Cleburne County landowners Bruce and Jan Smith won on appeal in the case of Smith v. Mountain Pine Timber, Inc., 2016 Ark. App. 193. In this case, Mountain Pine timber previously sold the minerals to land later sold to the Smiths. Mountain Pine then sold the land to the Smiths with full warranty of title and with no mineral reservation.
Under Arkansas law, a warranty of title is actionable as a breach of contract. The statute of limitations does not begin to run until a third party disturbs the purchaser’s rights to possession of the property. This is particularly important feature of the law when it comes to minerals. Minerals are not possessed until produced. Many years can pass before the requisite mineral development and production takes place.
In the Smith case, they purchased the land from Mountain Pine Timber in 1987. It was not until 2008, when the Smiths were approached to sell their mineral rights that the Smiths discovered that Mountain Pine previously sold the Cleburne County mineral rights.
Another point of black letter law in Arkansas is that the damages for breach of warranty of title are “so much of the consideration paid as is proportioned to the value of the land lost, with interest.” Furthermore, the damages cannot exceed the total value of the purchase price. The Court of Appeals therefore reasoned that the property point in time to fix damages was the time of the conveyance. In this case, that was the 1987 conveyance to the Smiths from Mountain Pine. The Smith trial court awarded only $250.22 in damages or $1/acre.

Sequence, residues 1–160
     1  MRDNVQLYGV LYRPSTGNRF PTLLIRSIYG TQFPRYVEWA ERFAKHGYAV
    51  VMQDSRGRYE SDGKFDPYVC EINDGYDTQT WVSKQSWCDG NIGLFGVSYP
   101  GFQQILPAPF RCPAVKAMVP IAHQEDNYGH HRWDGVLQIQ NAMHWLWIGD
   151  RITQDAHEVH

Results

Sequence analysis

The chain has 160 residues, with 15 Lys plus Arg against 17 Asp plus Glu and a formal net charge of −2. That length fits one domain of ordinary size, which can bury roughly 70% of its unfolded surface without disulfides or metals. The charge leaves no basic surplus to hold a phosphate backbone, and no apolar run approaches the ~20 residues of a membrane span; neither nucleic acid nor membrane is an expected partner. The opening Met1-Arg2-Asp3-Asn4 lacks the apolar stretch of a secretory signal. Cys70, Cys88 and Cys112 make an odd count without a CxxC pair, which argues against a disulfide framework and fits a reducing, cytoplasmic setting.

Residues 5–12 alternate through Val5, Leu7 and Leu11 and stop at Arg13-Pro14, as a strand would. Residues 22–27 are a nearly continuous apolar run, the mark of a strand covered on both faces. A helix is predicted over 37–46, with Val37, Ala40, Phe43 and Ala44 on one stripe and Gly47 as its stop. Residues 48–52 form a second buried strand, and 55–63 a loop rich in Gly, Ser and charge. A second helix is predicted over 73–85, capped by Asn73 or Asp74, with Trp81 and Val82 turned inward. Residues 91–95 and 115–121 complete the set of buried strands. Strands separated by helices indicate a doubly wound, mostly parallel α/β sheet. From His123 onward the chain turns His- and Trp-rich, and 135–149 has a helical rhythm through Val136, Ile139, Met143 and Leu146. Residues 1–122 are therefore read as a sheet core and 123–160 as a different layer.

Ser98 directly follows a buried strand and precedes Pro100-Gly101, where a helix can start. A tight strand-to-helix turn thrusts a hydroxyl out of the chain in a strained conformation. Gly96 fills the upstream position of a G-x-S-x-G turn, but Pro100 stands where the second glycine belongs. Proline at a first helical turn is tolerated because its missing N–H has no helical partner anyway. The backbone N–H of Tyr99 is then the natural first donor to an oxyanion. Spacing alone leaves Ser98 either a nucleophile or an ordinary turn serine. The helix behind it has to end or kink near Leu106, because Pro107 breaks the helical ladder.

Notably, the only evidence offered on the value of the Cleburne County mineral rights in 1987 was from one of the Defendants who testified that the mineral rights were sold by Mountain Pine for $1 per acre in 1985. This underscores the importance of offering expert testimony of damages. Most likely, the actual value of the Cleburne County mineral rights was much higher than the $1 per acre awarded by the trial court, and the low damages award was the result of insufficient testimony by the Plaintiffs. I’ve seen numerous mineral deeds in the Cleburne County records prior to the Fayetteville Shale discovery that easily exceeded $1 per acre.
Justice, however, was in some manner served for the loss suffered by the Smiths. In a companion appeal of Mountain Pine Timber v. Smith, 2016 Ark. App. 197, the Court of Appeals upheld an award of attorney’s fees in the same case. Arkansas law allows attorney’s fees to the prevailing party in a contract action (which a deed covenant is) provided the fees are reasonable. The court awarded $17,500 in attorney’s fees. The Appeals Court concluded the award of attorney’s fees was not excessive.